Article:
In addition to attracting new fans in the Northwest at a track such as Evergreen—or perhaps Portland International Raceway, a 1.967-mile road course where IndyCar ran two years ago—Harvick believes Irwindale (outside of Los Angeles) or even Lucas Oil Raceway (Indianapolis) could be options for upcoming All-Star events.

Over the last month, different ideas regarding the 2021 schedule have been floated around—including competing on a street course as fans clamor for more side-by-side racing. Harvick would be open to that as well—with a caveat.

“As long as we don't have to jump through gutters like we did in the L.A. street race,” Harvick said. “In the end, you really don't need a street course. There are a number of great road courses in great markets that would be perfectly suitable for the things that we do on the race track.”

Joey Logano sees the street course proposition differently. He believes an urban racing experience could reach potential fans that normally wouldn’t venture an hour outside the city for a motorsports experience.

“It sounds cool to me,” Logano said. “I think changing it up and doing things like that is important. It’s no secret that a lot of times where our races are sometimes in the middle of nowhere every now and again. A lot of the younger demographic, the football type fans that don’t know much about our sport, are in the city.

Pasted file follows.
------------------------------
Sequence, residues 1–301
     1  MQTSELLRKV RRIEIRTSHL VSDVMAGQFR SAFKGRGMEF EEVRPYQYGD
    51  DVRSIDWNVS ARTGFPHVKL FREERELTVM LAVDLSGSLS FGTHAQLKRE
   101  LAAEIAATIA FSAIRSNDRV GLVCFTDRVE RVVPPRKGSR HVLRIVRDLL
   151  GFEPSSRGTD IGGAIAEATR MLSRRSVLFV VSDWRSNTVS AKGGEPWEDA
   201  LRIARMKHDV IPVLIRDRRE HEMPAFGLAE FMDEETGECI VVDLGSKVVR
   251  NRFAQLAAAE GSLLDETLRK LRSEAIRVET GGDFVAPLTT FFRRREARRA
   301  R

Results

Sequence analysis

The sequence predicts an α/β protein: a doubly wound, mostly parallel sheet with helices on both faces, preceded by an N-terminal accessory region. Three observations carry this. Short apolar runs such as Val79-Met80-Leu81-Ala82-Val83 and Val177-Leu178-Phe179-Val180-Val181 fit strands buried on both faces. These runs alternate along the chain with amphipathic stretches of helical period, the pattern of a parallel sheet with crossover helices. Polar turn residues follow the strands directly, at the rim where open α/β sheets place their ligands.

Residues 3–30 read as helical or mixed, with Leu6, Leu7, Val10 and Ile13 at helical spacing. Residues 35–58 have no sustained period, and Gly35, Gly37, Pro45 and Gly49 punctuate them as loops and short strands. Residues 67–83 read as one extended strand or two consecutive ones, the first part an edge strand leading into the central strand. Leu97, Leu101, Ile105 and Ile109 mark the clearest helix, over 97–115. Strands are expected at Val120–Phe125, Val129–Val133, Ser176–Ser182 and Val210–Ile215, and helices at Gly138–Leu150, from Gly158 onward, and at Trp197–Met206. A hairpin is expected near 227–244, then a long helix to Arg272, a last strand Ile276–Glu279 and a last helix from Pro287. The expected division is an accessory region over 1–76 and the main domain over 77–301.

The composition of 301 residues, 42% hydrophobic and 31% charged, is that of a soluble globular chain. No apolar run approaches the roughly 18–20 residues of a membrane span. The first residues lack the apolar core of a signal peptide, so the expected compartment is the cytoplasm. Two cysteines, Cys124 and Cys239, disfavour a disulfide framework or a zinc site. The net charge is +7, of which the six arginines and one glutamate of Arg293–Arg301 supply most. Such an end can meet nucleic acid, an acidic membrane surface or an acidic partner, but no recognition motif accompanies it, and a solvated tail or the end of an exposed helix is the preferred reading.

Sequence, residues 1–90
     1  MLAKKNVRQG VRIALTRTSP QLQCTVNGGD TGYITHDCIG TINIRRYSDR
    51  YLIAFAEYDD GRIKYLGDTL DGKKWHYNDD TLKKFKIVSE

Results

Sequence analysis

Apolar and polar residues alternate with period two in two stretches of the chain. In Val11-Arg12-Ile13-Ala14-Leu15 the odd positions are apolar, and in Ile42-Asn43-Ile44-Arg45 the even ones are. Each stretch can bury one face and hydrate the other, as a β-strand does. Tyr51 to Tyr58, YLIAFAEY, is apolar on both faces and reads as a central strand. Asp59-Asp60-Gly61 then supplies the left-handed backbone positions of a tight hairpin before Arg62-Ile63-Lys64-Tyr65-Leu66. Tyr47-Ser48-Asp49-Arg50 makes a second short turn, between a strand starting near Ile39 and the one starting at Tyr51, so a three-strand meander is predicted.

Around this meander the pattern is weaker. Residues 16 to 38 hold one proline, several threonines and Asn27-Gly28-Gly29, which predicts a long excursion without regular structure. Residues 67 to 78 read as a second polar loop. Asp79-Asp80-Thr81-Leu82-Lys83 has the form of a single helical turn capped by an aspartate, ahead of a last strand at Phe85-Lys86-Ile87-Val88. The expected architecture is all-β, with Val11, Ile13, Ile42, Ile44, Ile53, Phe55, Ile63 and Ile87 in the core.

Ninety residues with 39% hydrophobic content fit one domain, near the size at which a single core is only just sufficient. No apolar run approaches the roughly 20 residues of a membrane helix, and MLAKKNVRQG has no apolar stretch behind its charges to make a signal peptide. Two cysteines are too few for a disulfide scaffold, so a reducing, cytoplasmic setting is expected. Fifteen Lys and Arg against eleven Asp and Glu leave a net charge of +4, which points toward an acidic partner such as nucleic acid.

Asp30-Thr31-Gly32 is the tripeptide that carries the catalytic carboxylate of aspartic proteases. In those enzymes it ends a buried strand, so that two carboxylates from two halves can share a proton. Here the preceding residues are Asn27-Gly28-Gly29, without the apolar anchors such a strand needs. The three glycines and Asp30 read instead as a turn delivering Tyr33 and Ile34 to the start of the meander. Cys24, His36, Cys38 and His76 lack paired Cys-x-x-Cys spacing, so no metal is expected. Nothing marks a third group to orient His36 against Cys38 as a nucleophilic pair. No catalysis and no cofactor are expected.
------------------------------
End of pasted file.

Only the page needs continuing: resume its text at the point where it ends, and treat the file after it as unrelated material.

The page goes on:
“Let’s go to them. If you raced in the city they can’t get away from you. You’re gonna have to watch and it will be something really neat and there would be some really cool pictures and obviously just racing like that down Main Street somewhere. How cool would that be?”

One of the trial balloons circulating through the sport is trimming six race weekends from the schedule. Eliminating one of the weeks at Daytona and another from Charlotte in May would be a simple solution. Pocono Raceway elected to incorporate a double-header into its program this year, leading to tremendous cost savings for both the industry and fans. Further downsizing could come from tracks that simply aren’t drawing numbers to justify having a date or two dates.

Logano believes NASCAR’s goal should be making every race weekend an event. No, not every race is going to carry the same gravitas as the Daytona 500, the Southern 500, the Coca-Cola 600 or the Brickyard 400, but it’s up to the tracks and NASCAR to make the effort.

“The Daytona 500 is an amazing event,” Logano said. “We need to make things like this very special, not just the Daytona 500 but we have a few of them a year. You think of the Southern 500, throwback weekend, that’s a big event. That’s a cool thing. All-Star Race feels like an event. It’s something different, something special. I think that’s what we have to look at and Pocono did a good job with this year. Pocono used to just be a race in Pocono. It wasn’t a big deal. Now it’s an event. There are two races in one weekend, and that’s a cool way of turning it into a big event. 

“We need to look at ways of doing that, whether that is like I’ve heard rumors about street courses and racing through cities or whatever it may be. That would be a really cool event.  We should look at things like that. Everyone has to collaborate together to make the right move.”